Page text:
Mines, Potholes and an Assult

I wake to the sound of a mine shift worker blowing his nose on the path past the little huts. The air in the room is cool but not cold. Still though, I stay in bed as long as I can. Via the slow 3G speeds I download Macklemore’s American and We Danced and play the songs on repeat about half a dozen times before it just becomes annoying.

A quick change and I’m ready to join everyone for breakfast. At breakfast we lament about the previous night, grandpa had a great time chatting to his sister and Cici and I have new buddies. There was a moment during our nights conversations where I declined the offer to go out Partying and said “mate next time we’re here we’ll meet up for drinks and first round is on me” which was received with confusion. Apparently girls don’t buy drinks around here. A huge anthropological conversation ensued, I recall this series of events to my father who knows my income.

I devour as much of the vegan breakfast as possible - it’s tofu, shiitake mushrooms, rye toast, tomatoes and a giant slice of avocado. I also drink two large coffees and both mine and grandpas orange juices. We chat and laugh over breakfast and I don’t want the day to begin. I don’t want to leave.

We take a walk with Gramps to stretch the legs before loading up the car.

On the road we’ve learnt of “hot spots” of activity, mainly EFF activity and with Trumps tweets overnight about White South Africans we proceed with extra caution and avoid these areas via a different route.

We pass from one mountain range to another which opens up below us on descent. I’m enjoying the road and the driving. We play a classic acoustic playlist with songs that Grandpa once loved, sometimes it’s surreal with Tracey Chapman playing as drivers dart past us only to see oncoming trucks and force their way in. It’s dangerous and we pass warning sign after warning sign advising “high accident area.” In the distance is smog and heavy looking industry, then looking out to the mountains we see mine after mine. Signs point to platinum mines. The roads change, become slower with heavy traffic and extremely dangerous drivers. My peripheral vision watches cattle on the road, taxi ranks with mini buses swerving across lanes. We turn the radio off and everyone watches the road. For over a hundred kilometre we pass endless informal settlements and within an instant I feel distain for mining and make a mental note to review my portfolio of holdings and offload anything associated with mining in Africa. I don’t want to contribute to this industry either as a consumer or investor. Eventually after two hours we find a petrol station and toilet. We go in two sets to the toilet so as to stay with the vehicle at all times. Half a tank is left in the van but we take the opportunity to refuel.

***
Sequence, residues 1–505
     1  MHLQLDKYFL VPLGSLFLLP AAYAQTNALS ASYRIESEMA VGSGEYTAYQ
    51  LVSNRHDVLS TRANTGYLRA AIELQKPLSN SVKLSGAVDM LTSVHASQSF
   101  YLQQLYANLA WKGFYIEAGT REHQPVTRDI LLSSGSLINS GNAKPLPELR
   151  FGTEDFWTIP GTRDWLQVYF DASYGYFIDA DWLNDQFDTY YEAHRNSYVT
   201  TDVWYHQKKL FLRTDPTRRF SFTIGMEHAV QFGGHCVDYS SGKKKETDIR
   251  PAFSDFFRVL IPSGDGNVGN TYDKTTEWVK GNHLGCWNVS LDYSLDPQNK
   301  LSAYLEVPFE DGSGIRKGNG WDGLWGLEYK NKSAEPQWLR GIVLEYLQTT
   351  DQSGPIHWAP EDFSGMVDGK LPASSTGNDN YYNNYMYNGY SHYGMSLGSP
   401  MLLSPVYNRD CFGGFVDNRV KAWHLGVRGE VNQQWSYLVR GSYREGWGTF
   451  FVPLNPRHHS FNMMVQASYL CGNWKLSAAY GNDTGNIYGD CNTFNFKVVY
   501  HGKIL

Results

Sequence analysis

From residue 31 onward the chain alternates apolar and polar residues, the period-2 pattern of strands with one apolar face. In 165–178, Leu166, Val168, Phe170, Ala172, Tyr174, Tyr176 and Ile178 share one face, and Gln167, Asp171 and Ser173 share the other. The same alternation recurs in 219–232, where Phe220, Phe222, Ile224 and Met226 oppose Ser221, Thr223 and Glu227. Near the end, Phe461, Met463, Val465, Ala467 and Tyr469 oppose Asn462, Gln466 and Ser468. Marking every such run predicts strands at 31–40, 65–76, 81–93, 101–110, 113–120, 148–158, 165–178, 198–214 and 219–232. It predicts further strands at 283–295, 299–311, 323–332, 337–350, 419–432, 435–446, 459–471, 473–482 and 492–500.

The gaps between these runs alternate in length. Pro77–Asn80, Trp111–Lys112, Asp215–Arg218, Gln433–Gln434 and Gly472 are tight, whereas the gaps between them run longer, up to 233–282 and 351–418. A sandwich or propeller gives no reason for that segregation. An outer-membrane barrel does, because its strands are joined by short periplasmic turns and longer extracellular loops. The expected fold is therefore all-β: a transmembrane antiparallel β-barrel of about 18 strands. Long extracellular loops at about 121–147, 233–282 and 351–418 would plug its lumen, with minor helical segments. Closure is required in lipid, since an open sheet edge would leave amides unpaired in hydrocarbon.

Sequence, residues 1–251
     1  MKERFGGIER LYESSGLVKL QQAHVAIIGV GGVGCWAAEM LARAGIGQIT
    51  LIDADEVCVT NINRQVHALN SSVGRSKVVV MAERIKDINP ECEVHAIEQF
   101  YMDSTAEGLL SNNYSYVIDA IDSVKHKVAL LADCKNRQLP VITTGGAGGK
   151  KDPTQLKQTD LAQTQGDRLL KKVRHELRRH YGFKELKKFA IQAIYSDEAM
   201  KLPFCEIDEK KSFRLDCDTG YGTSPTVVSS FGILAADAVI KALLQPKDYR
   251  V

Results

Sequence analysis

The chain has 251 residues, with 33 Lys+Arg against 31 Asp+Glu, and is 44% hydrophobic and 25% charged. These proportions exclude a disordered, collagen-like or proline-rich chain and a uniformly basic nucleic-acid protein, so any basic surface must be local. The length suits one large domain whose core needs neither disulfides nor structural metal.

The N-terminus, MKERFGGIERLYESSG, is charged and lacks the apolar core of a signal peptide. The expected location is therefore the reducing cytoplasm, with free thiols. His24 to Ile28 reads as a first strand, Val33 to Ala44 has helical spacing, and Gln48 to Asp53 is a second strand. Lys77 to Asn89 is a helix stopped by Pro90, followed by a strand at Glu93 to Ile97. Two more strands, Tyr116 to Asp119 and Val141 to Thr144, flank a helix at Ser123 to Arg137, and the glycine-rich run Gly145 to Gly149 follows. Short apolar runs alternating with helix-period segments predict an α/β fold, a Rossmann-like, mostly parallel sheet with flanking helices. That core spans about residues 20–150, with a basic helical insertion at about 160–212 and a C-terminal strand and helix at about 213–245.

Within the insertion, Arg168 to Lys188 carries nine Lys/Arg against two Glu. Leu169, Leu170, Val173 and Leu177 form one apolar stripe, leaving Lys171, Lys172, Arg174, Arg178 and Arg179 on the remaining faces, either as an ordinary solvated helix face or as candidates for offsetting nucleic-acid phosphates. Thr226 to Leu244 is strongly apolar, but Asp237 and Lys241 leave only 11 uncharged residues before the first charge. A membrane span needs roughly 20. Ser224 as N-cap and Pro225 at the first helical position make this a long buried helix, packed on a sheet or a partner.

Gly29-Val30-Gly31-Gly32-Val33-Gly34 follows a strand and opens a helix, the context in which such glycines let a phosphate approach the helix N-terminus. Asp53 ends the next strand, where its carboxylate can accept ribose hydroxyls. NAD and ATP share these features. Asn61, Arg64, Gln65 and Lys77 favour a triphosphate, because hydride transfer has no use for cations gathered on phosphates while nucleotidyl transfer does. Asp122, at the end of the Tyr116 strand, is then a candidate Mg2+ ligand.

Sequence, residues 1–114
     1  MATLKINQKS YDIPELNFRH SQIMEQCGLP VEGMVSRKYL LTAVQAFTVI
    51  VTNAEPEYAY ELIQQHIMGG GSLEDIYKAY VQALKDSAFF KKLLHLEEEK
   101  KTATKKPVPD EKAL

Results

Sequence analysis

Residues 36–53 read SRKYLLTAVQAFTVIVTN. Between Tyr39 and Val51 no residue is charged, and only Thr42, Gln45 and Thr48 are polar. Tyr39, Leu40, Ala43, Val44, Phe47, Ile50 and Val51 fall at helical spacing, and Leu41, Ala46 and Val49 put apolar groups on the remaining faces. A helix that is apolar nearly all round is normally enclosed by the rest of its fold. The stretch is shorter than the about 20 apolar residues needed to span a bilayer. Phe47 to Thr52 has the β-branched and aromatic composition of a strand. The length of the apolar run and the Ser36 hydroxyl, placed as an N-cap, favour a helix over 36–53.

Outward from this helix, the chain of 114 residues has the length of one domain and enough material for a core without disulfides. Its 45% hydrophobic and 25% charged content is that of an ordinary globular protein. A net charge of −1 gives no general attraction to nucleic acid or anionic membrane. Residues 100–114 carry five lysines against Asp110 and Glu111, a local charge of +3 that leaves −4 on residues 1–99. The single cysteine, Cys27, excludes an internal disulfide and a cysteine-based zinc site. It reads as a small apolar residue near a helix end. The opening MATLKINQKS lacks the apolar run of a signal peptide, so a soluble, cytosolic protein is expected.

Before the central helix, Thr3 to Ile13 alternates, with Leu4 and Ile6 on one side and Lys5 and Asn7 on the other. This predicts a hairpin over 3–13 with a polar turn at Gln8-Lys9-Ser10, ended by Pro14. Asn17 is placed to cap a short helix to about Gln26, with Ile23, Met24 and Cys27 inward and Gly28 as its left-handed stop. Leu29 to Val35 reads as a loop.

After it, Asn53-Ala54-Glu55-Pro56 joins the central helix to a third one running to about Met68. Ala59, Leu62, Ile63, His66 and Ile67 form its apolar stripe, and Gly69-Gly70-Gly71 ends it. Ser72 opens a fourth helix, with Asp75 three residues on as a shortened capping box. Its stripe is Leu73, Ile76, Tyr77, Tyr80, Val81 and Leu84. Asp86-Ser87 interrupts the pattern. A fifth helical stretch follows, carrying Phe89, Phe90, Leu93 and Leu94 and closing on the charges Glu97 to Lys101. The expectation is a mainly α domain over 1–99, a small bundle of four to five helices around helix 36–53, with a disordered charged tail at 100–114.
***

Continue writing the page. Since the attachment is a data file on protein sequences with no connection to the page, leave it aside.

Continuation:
Finally we snake up a pass on hairpins out of the mining area. As I ascend the one pass I see something scattered across the road in the distance, grandpa watches too and says “oh boy, you need to give these guys distance.” I put my hand on the horn, beeping and flashing my lights. A cluster of tremendously sized baboons sit in the road and as I pass slowly lurch for the vehicle. I’ve survived the mines already today, I’m not getting hijacked by these twats. We dip into orange farmland, with groves extending over long distances. Four hours later we reach the halfway point. We follow the satnav and almost immediately encounter pot holes. These are huge potholes, at least a foot deep. I alternate between veering around them, leaving the road entirely to off pieste through the dirt and grass and slowly rocking the car through the deeper crevasses. We drive at an average speed of about 40km/hr for the next two hours.

My grandfathers daughter calls us and he can’t hear too well so passes the phone to my father. We’re about an hour away from our destination. After seven hours of hard driving and a thirty second rest I’m looking forward to a long hot shower and a rest before we see them. I’m tired, my jaw hurts from clenching it and I can feel a migraine starting in my neck. Also we haven’t yet eaten lunch. Not only that, Grandpa, a lifelong smoker has gone almost eight hours and while he says he’s fine he’s looking fidgety.

We wind our way up a mountain to our destination. Signs warn of wild horses, not in a Rolling Stones but instead in a feral kinda way. We snake up a winding pass in the same area surrounded by forests where Katie Price was hijacked and held at gunpoint in a fleet of vehicles. I see cars occasionally hidden in forest tracks and groups of people watching the road. I am happy that we’ve arranged the next few days so that we’re not driving this pass in the dark. It’s incredibly dangerous.